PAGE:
My heart is so full. So. Damn. Full.
I spoke to a group of 200+ young leaders from mostly India and the US this evening. I was asked to speak about gender parity and instead of spewing numbers (which I’ve learnt isn’t my strong point, unless it’s in my bank account), I spoke about my experience as a young woman and what gender equality and empowerment means to me.
I spoke about how I want to live in a South Africa, in a world, where I don’t get punished for characteristics my older brother got praised for, while we were growing up. How, as a pre-teen, I was called bossy, instead of being called a natural born leader, like my brother was.
As an aside, I once had someone at work call me dictatorial. I’ve never heard a male manager be referred to like that. Ever. I remember thinking, of all the words you can use to describe me, you use the word we use to describe the worst types of leaders, the ones who commit unthinkable atrocities. Really?! The record should probably reflect that when said person was asked about what about me is ‘dictatorial’ they didn’t have empirical evidence to back up their claim. Kodwa they made it. Very confidently.
After my talk, I had a lot of people come up to me saying they enjoyed my talk, found me to be the most interesting and insightful speaker thus far. I never know what to say to such compliments, often thinking abantu are saying that just nje, but everytime I think that, I remember Sisonke saying to me, abantu don’t owe you a compliment, if they give it, they mean it. So I smiled and said thank you. And I meant it.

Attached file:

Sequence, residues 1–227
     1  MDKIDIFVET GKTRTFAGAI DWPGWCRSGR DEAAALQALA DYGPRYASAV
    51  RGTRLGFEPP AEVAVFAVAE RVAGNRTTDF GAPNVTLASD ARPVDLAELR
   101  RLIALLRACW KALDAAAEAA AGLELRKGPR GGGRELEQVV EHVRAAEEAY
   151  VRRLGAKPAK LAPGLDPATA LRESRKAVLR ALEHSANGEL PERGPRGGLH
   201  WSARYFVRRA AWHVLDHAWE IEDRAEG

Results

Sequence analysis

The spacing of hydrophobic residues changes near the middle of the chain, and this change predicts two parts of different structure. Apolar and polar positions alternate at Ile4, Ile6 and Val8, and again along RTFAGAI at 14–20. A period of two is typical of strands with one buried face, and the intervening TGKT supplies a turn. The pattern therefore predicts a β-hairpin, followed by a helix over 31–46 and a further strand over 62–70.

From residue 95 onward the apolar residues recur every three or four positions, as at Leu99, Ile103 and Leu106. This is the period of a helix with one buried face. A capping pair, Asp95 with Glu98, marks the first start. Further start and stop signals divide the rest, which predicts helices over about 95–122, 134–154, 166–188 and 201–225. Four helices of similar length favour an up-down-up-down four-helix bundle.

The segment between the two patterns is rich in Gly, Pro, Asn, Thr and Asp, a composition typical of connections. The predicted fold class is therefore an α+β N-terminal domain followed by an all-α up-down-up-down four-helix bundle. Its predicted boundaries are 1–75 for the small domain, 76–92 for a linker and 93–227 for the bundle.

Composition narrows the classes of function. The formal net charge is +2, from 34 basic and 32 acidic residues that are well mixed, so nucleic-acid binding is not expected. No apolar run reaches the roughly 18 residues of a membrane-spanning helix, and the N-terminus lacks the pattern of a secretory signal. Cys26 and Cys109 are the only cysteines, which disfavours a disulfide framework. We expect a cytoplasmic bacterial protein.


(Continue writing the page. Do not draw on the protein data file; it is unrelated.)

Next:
I had a young woman, maybe 3 or 4 years younger than me, come to me and say she’s experienced what I spoke about and wanted to know how I don’t let the noise of ‘you’re bossy, you’re too much, you’re a bitch’ get to me.
I didn’t have a direct answer to her question because sometimes the noise gets to me. The best I could give her was to surround herself with a tribe that’ll keep her sane. People she can go to when the noise makes you doubt your abilities, your intelligence but mostly, when it makes you doubt and second guest yourself.
I had a 12 year old little girl come up to me and say she knows me from watching my TEDx talk. That she absolutely loved that talk and has watched it a few times. I had forgotten I even did that. Yet there I was, standing in front of this girl, in New Delhi, telling me she’s so happy to meet someone she’s been watching and finds inspiring.
I had the director and the principal of the best school in India say they’d love for me to speak to their students. They mentioned how, rare as it is in India, the management at their school is over 80% female and my talk resonated with them.
My heart is full. I’m so damn grateful.
P.S. This was meant to be a Facebook post but so many of you have been asking me to blog. I’m terrified of writing and do my utmost to avoid doing it. Those of you who’ve been asking me to blog (or worse, write a book) keep pointing out that I have long Facebook statuses, which often read like a blog post. So this is me fake blogging.
P.P.S. I’ll post my full talk, or parts of it, once I’m back in SA. I’m publicly declaring it so I don’t chicken out of it.
Yours in Slaying.